Under the terms of the Non-Employee Director Deferred Compensation Plan, non-employee directors may defer the payment of all or a portion of their annual retainers until the end of their service on the Board. Unless a different amount is chosen by the director, 50% of the director’s annual retainer fee is automatically deferred and converted to units of Arrow common stock. Other amounts that are deferred may be invested for the benefit of the director, or should a director so choose, be converted into the stock units. The units held by each director are included under the heading “Common Stock Units” in the Shares of Common Stock Beneficially Owned Table. The amounts deferred by each director for 2015, to the extent there are any, are included under the heading “Fees Earned” on the Non-Employee Director Compensation Table. For deferrals made prior to 2008 and those made during 2009, the deferral will be paid upon termination of Board service. For deferrals during 2008, payments will be made thirty days after the director’s service ends for those 72 years old or older at the time of resignation, and for those less than 72 years old, one year after termination of service on the Board. For deferrals during 2010 through 2014, payment will be made on the one-year anniversary after termination of service. Pursuant to a board resolution in 2013, for restricted stock units awards granted in 2015 and subsequent, each director is given the option to have his or her restricted stock units converted to shares and sold any time beyond one year after grant. Ms. Hamilton and Messrs. Hanson, Hill, and Kerin have selected that option for their 2015 grants.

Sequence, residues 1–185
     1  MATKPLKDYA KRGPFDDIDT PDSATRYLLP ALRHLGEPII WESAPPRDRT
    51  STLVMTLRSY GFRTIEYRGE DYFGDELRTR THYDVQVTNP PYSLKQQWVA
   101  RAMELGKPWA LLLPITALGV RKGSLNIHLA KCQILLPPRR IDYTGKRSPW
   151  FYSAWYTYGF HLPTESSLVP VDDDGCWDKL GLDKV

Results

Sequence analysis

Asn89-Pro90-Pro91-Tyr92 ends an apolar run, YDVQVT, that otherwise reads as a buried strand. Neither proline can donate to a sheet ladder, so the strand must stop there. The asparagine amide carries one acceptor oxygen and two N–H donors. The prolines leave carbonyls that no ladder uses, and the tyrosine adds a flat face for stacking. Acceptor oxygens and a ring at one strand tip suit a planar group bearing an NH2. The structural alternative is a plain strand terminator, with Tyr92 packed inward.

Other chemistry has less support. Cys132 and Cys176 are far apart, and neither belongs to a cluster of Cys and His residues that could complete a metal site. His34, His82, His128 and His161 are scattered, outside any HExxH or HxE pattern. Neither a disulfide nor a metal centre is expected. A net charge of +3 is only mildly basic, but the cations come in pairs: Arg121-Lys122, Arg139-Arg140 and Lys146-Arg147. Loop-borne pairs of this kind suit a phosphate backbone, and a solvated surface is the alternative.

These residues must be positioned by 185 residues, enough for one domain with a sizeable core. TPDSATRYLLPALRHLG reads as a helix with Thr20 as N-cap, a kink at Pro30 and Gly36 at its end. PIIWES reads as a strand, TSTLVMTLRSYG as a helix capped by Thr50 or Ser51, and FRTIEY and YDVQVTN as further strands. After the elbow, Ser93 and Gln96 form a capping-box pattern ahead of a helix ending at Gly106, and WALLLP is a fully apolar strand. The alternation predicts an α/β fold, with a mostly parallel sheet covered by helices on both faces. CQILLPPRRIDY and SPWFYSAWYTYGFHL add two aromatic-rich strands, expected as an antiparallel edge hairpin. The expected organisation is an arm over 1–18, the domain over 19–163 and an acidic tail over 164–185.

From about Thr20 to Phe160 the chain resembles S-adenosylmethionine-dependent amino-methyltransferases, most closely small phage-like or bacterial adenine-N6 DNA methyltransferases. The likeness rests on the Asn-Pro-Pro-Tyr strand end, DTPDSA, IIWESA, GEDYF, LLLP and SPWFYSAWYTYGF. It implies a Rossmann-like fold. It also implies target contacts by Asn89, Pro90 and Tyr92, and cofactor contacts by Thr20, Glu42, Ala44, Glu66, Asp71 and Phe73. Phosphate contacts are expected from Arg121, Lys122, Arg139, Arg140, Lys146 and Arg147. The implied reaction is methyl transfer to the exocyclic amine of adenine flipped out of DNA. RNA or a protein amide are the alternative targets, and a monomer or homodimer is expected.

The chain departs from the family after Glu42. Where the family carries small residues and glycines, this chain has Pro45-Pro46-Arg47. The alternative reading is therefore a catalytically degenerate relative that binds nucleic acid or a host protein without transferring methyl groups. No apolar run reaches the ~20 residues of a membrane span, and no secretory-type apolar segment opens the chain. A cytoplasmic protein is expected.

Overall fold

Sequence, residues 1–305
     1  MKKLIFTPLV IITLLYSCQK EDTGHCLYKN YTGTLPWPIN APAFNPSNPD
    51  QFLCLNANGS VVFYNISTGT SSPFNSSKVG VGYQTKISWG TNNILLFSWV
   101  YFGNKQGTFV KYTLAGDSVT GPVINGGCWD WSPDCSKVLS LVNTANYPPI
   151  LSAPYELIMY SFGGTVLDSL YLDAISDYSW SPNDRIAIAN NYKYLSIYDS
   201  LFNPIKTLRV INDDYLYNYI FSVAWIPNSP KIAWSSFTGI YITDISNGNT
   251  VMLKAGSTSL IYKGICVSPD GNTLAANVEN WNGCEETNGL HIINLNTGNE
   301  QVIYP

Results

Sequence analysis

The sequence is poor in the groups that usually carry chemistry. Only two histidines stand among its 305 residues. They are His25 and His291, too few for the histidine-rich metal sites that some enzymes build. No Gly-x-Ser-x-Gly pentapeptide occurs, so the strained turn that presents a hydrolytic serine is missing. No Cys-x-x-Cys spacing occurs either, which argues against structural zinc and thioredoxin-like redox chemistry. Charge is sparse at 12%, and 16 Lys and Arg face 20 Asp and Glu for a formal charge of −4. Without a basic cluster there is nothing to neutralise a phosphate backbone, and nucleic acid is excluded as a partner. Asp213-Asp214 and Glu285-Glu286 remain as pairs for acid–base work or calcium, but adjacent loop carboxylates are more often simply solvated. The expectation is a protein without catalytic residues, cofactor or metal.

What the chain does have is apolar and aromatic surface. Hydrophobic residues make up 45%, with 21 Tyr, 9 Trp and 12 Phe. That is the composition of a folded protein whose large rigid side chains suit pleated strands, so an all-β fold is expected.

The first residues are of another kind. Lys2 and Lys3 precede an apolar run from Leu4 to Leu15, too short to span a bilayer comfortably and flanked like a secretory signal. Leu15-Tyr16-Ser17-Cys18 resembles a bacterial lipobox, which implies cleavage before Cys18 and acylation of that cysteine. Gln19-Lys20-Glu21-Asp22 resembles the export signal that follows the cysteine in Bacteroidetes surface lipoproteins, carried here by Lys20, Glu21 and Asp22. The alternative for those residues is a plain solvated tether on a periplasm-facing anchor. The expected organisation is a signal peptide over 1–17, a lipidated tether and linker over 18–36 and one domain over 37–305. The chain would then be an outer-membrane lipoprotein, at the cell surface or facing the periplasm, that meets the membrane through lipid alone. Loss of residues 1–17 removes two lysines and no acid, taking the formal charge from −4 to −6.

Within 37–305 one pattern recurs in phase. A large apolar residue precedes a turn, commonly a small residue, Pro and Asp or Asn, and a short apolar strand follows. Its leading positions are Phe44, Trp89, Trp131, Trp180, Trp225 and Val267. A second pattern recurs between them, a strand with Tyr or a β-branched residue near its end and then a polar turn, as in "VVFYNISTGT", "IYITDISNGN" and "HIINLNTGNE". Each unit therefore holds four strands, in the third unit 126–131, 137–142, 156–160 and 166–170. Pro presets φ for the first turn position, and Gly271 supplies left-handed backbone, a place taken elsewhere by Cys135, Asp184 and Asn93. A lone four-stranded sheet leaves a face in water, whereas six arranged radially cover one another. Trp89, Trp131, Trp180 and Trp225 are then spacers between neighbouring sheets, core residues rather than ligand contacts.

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Stock Ownership by Directors